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240528 SE Images in the mind and trough the lens - Photography as a method of research (P4) (2021S)

Continuous assessment of course work
REMOTE

Participation at first session is obligatory!

The lecturer can invite students to a grade-relevant discussion about partial achievements. Partial achievements that are obtained by fraud or plagiarized result in the non-evaluation of the course (entry 'X' in certificate). The plagiarism software 'Turnitin' will be used for courses with continuous assessment.

Registration/Deregistration

Note: The time of your registration within the registration period has no effect on the allocation of places (no first come, first served).

Details

max. 25 participants
Language: English

Lecturers

Classes (iCal) - next class is marked with N

The course will start digital. If the Covid regulations allow it, it will change to on-site or hybrid.
Information about the lecture rooms will then follow in time.

Monday 08.03. 18:30 - 20:00 Digital
Monday 15.03. 18:30 - 20:00 Digital
Monday 22.03. 18:30 - 20:00 Digital
Monday 12.04. 18:30 - 20:00 Digital
Monday 19.04. 18:30 - 20:00 Digital
Monday 26.04. 18:30 - 20:00 Digital
Monday 03.05. 18:30 - 20:00 Digital
Monday 10.05. 18:30 - 20:00 Digital
Monday 17.05. 18:30 - 20:00 Digital
Monday 31.05. 18:30 - 20:00 Digital
Monday 07.06. 18:30 - 20:00 Digital
Monday 14.06. 18:30 - 20:00 Digital
Monday 21.06. 18:30 - 20:00 Digital
Monday 28.06. 18:30 - 20:00 Digital

Information

Aims, contents and method of the course

Content:
Representation is a quintessential dimension in visual anthropology, pertaining to both photography and film. Visual reproductions can evoke an emphatic understanding of how other people experience their world. They are part of a complex system of visual communication shared by the members of a society. The use and understanding of images is determined through socially established and learned symbolic codes and can be read as text in different ways.

During this course we will try to take a closer look at the different processes of selection, structuring and interpretation in theory and practice, studying not only the finished products but also the social process of their creation.

Aims:
The course aims to
• give a look into the potential and possibilities, limits and problems of visual representation.
• show how visual representations always originate from a specific, implicit or explicit, perspective
• further your awareness of how your personal perspective impacts how you choose to represent your own topics of research
• introduce you to the process of research using photo-documentation or photo-elicitation

Methods:
The course is divided into three part.

The initial phase will be spent discussing seminal texts students will be expected to prepare beforehand.

The second part will focus on the methods of photo-documentation and photo-elicitation.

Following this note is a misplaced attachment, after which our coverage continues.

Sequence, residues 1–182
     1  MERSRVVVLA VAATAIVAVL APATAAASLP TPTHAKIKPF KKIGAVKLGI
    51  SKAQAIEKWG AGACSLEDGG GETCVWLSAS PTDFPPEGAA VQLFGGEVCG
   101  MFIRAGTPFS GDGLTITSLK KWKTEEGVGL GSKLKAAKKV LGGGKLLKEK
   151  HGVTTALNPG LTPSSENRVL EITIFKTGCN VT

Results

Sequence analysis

During the final phase small student groups (if possible) will undertake short research projects using one of the mentioned qualitative methods.

Assessment and permitted materials

Grades are based on:
- participation during class,
- a short presentation of suggested readings
- a short presentation of your research process
- a final paper (approx. 3000 words, excl. footnotes and bibliography)

Delivery of final paper: 31.07.2021

Minimum requirements and assessment criteria

For a passing grade a minimum of 55 out of 100 possible points has to be reached.

Participation is worth up to 20 points,
the initial design of your research up to 10,
it’s presentation up to 20
and the written paper up to 50 point.

Examination topics

Content of the lecture series and compulsory literature

Reading list

Banks, M. (1998). Visual anthropology: Image, object and interpretation. In J.Prosser (Hrsg.), Image-based research: A sourcebook for qualitative
researchers (S. 9–23). London: Routledge.

Lapenta, F. (2012). Some theoretical and methodological views on photo-elicitation. In E. Margolis & L. Pauwels (Hrsg.), The SAGE handbook of visual research
methods (S. 201–213). London: Sage.

Pink, S. (2011). Multimodality, multisensoriality and ethnographic knowing: Social semiotics and the phenomenology of perception. Qualitative Research, 11(3), 261–
276.

Radley, A., Hodgetts, D., & Cullen, A. (2005). Visualizing homelessness: A study in photography and estrangement. Journal of Community and Applied Social Psychology, 15(4), 273–295.

Schwartz, D. (1989). Visual ethnography: Using photograhy in qualitative research. Qualitative Sociology, 12(2), 119–154.

Gillian Rose; Visual Methodologies - An Introduction to the Interpretation of Visual Materials, Second Edition, Sage 2007

Sarah Pink; Doing Visual Ethnography, Second Edition, Sage 2007

Marcus Banks; Visual Methods in Social Research; Sage Publications 2001

Brian Winston;Image-based Research: A Sourcebook for Qualitative Researchers (ed.Jon Prosser) Routledge 1998

Collier John & Collier Malcom; Visual Anthropology - Photography as a Research Method, University of New Mexico Press 1992

Banks, M., & Zeitlyn, D. (2015). Visual methods in social research. London: Sage.

Collier, M. (2001). Approaches to analysis in visual anthropology. In T. van Leeuwen & C. Jewitt (Hrsg.), Handbook of visual analysis (S. 35–60). London: Sage.

Association in the course directory

Last modified: Th 10.06.2021 16:09